It is always amazing how much is not known about filter-grade biochar, as well as the amount of misinformation about the product. So here is a quick rundown…Biochar is typically sourced from high-carbon fly ash from wood-fired power plants located at lumber mills and other wood product operations. For filter grade quality for stormwater processes, one needs to be selective on what type of wood is being burnt at that facility. Different types of wood will produce different performances.
Plus it is generally, but not always, best to seek out older power plant processes as opposed to ones recently installed, for their fly ash consists of larger particulates. The newer power plants typically produce a powder style of fly ash of which will choke off filter areas. The age and/or the type of the power plant will produce different performances.
To maintain adequate flow rates, filter-grade biochar must first be thoroughly rinsed before it can be used in stormwater applications. Some biochar companies sell biochar from older facilities that utilize a wet fly-ash separation method. The biochar in these facilities enters a water bath and then falls over a weir.
Sometimes this type of biochar is sold as a “washed” product, which is completely false and far from the truth. This “washed” biochar will be loaded by fines and clays, either from the mill’s staging / loading areas or from the power plant burning processes. The initial water bath does not separate these filter contaminants out of the product.
While thorough washing and rinsing is time-consuming and expensive; it is absolutely critical for achieving a filter-grade quality of biochar.The next step in processing biochar is to grade the biochar into a variety of sizes by sequential screening and sieving. Here is some of the alchemy needed to measure how much media permeability is needed versus how much exposed contact areas are available within the media. When selecting the best particle size mixture, there is often a tradeoff between permeability and contact time:
- The more exposed contact areas provide more intimacy with the stormwater contaminants; hence more contaminants are removed.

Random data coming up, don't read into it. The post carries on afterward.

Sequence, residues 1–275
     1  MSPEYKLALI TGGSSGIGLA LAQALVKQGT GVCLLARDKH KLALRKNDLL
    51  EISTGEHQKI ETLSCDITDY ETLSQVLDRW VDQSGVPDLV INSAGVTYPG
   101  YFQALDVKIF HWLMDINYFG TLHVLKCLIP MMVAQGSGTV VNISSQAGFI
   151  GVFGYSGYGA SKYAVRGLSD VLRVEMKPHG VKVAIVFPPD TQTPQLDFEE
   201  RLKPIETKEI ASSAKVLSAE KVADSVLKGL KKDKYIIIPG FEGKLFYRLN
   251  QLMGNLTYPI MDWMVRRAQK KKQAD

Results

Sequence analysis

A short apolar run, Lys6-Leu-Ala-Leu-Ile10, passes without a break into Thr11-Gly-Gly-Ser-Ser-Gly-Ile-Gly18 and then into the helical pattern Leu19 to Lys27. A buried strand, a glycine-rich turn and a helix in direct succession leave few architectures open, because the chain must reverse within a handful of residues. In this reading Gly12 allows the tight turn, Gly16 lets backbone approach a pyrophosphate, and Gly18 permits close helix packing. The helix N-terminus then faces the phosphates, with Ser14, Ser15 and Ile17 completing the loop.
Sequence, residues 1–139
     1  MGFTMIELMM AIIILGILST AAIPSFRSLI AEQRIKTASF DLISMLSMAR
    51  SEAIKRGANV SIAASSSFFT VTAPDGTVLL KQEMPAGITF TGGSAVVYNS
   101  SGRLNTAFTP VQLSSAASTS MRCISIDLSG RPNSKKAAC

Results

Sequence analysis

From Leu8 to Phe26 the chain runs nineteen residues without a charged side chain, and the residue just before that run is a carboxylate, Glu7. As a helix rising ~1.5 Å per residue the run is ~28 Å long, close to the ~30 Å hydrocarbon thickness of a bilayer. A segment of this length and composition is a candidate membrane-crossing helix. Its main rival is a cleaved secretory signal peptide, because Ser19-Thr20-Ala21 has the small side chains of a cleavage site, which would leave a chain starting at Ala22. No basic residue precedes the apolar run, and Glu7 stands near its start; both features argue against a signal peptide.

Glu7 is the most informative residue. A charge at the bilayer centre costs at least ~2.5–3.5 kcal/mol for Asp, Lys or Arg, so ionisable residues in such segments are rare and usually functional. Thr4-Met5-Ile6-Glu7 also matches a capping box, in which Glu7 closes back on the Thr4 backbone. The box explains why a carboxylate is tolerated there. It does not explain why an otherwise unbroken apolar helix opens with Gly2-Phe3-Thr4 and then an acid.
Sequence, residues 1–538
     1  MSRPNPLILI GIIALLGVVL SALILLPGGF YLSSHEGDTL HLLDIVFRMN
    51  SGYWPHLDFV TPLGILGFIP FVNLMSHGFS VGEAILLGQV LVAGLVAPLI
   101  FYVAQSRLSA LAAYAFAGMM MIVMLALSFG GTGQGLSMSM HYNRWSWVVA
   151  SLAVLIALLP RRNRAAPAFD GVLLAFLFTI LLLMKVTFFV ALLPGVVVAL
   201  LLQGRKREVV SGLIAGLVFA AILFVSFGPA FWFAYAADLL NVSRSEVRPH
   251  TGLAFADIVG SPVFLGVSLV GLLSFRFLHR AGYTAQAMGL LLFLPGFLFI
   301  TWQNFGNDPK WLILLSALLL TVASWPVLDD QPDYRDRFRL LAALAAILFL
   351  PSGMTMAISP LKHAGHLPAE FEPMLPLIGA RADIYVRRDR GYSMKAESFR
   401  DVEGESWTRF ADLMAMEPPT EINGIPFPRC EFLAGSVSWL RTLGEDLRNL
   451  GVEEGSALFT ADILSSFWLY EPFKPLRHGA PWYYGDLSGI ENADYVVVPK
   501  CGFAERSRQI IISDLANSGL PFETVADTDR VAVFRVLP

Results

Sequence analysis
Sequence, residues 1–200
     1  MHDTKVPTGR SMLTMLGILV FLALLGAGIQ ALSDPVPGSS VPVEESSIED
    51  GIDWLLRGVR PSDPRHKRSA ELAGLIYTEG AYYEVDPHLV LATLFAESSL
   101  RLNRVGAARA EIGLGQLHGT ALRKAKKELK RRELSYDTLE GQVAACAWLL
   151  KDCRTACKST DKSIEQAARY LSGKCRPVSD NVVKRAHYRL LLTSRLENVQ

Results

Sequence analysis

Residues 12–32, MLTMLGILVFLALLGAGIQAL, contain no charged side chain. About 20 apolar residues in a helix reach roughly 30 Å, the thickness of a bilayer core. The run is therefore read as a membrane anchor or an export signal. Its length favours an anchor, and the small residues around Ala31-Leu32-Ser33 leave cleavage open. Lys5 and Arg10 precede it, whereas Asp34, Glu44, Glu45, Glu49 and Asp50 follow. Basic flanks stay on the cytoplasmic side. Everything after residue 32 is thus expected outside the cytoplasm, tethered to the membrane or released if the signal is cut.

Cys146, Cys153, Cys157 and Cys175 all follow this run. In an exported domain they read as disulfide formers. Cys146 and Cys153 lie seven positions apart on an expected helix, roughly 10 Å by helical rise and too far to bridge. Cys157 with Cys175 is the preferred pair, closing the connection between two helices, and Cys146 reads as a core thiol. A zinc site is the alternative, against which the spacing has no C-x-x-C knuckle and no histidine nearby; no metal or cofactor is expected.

- The smaller the size, the more exposed contact areas within the biochar, the increased resistance to flow permeability.
- Whereas, the larger biochar particles will allow for greater flow permeability. The larger the size, the less resistance to flow permeability, the less intimacy (therefore less removal).
As you can see, there needs to be a balance with both intimacy and permeability depending on the structure of the filter design.
- Typically with our biochar filters, we can utilize a granular-sized media if there is a small amount of head available to carry the stormwater through the media, as typical with our upflow and downflow biofilters.
- However with the lateral flow patterns in our Blue Filter Gabions, the biochar needs to be sized larger in a flake-style which will allow for greater flow permeability.
Filter grade biochar requires certain organic additives in order to achieve a long activation life prior to the media beds being exhausted. A small portion of certain organic acids will activate within the biochar’s alkaline nature, thus increasing bed life and robust removal of metals. In addition, by having aerobic microbes naturally feed on the biochar during the non-rainy seasons; the microbes will expose more exchange sites for metals removal.
We here at Gullywasher strive to offer the best of what a filter-grade biochar can offer within our organic stormwater filter processes require to maximize metals removal, flow permeability, and bed life sustainability.